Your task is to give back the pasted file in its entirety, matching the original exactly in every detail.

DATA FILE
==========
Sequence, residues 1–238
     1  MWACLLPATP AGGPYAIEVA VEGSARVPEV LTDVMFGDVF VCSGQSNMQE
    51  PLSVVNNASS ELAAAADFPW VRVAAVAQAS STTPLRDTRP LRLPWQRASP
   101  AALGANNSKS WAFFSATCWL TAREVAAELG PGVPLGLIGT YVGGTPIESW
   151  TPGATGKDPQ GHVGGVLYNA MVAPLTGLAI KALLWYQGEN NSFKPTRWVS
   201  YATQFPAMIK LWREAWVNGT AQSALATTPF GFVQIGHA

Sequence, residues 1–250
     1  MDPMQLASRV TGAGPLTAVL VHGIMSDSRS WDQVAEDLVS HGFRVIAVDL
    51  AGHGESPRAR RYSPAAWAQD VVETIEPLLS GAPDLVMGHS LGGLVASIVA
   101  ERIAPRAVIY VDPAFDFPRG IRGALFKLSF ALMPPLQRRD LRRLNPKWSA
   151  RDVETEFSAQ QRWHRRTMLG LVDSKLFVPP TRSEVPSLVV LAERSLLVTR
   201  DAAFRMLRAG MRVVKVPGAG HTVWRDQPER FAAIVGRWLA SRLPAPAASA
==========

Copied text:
Sequence, residues 1–238
     1  MWACLLPATP AGGPYAIEVA VEGSARVPEV LTDVMFGDVF VCSGQSNMQE
    51  PLSVVNNASS ELAAAADFPW VRVAAVAQAS STTPLRDTRP LRLPWQRASP
   101  AALGANNSKS WAFFSATCWL TAREVAAELG PGVPLGLIGT YVGGTPIESW
   151  TPGATGKDPQ GHVGGVLYNA MVAPLTGLAI KALLWYQGEN NSFKPTRWVS
   201  YATQFPAMIK LWREAWVNGT AQSALATTPF GFVQIGHA

Sequence, residues 1–250
     1  MDPMQLASRV TGAGPLTAVL VHGIMSDSRS WDQVAEDLVS HGFRVIAVDL
    51  AGHGESPRAR RYSPAAWAQD VVETIEPLLS GAPDLVMGHS LGGLVASIVA
   101  ERIAPRAVIY VDPAFDFPRG IRGALFKLSF ALMPPLQRRD LRRLNPKWSA
   151  RDVETEFSAQ QRWHRRTMLG LVDSKLFVPP TRSEVPSLVV LAERSLLVTR
   201  DAAFRMLRAG MRVVKVPGAG HTVWRDQPER FAAIVGRWLA SRLPAPAASA